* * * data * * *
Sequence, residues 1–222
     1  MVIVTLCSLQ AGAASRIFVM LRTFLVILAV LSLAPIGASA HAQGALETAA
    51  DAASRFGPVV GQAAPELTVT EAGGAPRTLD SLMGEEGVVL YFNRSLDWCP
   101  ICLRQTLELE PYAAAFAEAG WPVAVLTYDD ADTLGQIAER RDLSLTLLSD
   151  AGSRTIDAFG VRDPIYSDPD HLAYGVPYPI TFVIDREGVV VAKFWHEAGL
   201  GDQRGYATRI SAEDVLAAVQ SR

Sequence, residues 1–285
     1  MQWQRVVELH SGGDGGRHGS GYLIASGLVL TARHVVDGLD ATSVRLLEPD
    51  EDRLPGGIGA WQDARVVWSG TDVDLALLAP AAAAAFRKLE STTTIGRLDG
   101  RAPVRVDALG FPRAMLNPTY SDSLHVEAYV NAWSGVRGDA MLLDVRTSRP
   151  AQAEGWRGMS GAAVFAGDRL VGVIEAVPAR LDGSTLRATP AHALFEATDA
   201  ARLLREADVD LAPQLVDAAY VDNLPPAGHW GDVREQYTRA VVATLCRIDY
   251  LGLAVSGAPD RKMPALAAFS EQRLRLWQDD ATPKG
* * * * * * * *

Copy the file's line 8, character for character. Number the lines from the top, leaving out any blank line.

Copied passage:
     1  MQWQRVVELH SGGDGGRHGS GYLIASGLVL TARHVVDGLD ATSVRLLEPD